For example, in Ruby, you use strings and symbols for a lot of disparate things. In Haskell, you'd introduce a type for each purpose to encode your intent in a way the compiler understands

But then in Ruby if you want to you can encapsulate behaviour and your intent in objects instead of types - as concepts become more complex, you may introduce an object which encapsulates the data and provides checked interfaces for it. Taking the example of a telephone number, you might define a PhoneNumber Class in Ruby which encodes your intent and enforces an interface in much the same way as a Type in Haskell might (?), but if your use of telephone numbers is simply as an unformatted string, you don't have to introduce that complication initially. A static typing system is not the only way to encode that sort of information is it?

I do find the example above somewhat puzzling, as idiomatic ruby would be more like foo.bar if you want the value of bar (which should have an accessor defined if you are allowed to read it). What I was hoping for was an example of the two languages side by side demonstrating some small mistake which leads to errors or unintended consequences because of a lack of static typing in Ruby.

If you're counting no method errors as type errors then I must hang my head in shame :) Usually those are caught before going into production though by either unit tests or normal testing. You catch typos (with or without strong typing) on compilation in a compiled language, but you have to catch them with testing at runtime in an interpreted one. But is that really related to static typing or compiled versus interpreted?

I'm intrigued by the enforced types of Haskell though, so this article is an interesting starting point in the comparison, and thanks for trying to explain it.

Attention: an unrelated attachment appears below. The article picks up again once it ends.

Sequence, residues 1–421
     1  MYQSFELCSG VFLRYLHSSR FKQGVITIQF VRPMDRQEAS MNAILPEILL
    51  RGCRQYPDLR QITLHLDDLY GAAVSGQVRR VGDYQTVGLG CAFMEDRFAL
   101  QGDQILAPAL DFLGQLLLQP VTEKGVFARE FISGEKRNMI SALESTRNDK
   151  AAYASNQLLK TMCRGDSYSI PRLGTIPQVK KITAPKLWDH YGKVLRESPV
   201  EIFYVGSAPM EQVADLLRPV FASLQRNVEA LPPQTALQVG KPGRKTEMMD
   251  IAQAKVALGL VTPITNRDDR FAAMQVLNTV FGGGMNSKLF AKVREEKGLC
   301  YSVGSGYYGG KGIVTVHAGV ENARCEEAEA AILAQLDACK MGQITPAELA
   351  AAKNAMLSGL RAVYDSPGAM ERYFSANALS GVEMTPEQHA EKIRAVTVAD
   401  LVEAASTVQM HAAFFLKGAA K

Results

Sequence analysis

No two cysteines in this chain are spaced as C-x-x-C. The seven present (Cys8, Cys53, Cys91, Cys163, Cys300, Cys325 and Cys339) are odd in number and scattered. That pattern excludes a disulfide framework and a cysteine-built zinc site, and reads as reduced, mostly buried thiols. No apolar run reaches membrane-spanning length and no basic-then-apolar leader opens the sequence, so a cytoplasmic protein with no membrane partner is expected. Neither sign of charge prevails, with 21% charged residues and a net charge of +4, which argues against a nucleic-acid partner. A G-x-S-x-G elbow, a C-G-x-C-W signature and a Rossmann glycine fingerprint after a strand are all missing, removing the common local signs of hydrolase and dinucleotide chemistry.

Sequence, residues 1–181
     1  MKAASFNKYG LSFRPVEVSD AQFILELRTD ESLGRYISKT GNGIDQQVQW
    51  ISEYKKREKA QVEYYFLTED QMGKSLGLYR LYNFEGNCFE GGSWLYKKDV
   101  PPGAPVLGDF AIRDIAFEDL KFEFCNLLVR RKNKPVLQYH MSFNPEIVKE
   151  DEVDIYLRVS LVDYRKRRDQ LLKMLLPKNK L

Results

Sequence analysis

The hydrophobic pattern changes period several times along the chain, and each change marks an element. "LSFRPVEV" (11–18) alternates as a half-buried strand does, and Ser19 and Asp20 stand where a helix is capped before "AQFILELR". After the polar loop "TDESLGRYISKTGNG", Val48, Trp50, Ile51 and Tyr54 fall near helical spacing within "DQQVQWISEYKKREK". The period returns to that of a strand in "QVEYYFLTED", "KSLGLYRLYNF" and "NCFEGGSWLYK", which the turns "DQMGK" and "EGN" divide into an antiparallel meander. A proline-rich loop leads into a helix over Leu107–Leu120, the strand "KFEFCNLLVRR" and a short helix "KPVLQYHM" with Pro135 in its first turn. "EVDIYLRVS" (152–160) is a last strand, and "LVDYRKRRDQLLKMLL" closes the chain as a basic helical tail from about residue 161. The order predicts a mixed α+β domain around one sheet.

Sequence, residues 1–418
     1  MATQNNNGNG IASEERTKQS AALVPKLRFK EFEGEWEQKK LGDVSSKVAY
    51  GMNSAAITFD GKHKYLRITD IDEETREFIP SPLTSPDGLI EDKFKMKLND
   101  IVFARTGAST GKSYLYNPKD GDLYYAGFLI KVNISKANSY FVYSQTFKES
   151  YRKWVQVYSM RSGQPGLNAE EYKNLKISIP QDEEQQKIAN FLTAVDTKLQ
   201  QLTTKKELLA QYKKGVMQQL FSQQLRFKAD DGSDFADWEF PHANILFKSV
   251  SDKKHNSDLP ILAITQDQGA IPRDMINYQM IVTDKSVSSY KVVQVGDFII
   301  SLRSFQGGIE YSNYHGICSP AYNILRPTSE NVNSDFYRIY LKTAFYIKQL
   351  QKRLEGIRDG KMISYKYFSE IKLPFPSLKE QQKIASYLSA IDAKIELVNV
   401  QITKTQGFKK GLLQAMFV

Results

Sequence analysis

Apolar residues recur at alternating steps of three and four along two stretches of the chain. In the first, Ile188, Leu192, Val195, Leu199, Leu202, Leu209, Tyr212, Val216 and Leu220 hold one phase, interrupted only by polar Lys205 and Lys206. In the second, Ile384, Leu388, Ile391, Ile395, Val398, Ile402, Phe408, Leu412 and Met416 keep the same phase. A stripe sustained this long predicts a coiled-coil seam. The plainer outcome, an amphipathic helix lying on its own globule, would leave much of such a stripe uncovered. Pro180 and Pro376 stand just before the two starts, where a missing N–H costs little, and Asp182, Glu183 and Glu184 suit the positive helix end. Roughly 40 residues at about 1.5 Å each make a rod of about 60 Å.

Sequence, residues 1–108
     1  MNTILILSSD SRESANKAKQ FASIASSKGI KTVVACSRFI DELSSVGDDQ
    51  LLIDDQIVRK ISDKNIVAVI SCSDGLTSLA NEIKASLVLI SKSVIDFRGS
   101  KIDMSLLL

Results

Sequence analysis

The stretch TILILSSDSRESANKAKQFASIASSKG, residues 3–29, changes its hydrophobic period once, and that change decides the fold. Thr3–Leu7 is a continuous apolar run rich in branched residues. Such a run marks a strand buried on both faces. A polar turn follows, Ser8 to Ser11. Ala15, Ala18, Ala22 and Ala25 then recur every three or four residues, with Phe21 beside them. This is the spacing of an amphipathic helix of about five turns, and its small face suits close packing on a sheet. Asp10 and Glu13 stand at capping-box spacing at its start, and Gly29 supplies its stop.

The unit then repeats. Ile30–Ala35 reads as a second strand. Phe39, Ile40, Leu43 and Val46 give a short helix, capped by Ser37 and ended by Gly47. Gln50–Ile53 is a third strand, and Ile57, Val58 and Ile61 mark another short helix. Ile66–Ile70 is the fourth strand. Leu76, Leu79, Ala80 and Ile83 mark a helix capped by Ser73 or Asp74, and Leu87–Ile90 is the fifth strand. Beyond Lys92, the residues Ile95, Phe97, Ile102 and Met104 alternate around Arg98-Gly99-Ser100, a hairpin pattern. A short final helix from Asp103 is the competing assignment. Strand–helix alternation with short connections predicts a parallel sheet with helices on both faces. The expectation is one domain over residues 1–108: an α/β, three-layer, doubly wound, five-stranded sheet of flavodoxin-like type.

But then in Ruby if you want to you can encapsulate behaviour and your intent in objects instead of types - as concepts become more complex, you may introduce an object which encapsulates the data and provides checked interfaces for it.

I think the idea is that a strong static type system will allow you to describe the constraints idiomatically and concisely, whereas describing them using the usual OOP tools gets overkill very quickly.

You can start with simple types in Haskell too, FWIW. To take your phone number example, let's say I'm making a very simple program that dials a number. In Ruby, I'm talking about something like:

    aNumber = "+0123456789"

    def dial(number)
      # does the dialling
      return someConnection

(It's been a long time since I've done any Ruby, so forgive any glaring syntax faults.) That method expects a string - aNumber is an example of which - but there's no annotation to explain that to the runtime (Ruby doesn't have a compiler in the sense we refer to one here).

In Haskell, something similar might look like this (I'm going to be verbose and specify types here, but the compiler can actually infer a few of them):

    aNumber :: String
    aNumber = "+0123456789"

    dial :: String -> PhoneConnection
    dial number = -- a function which does some dialing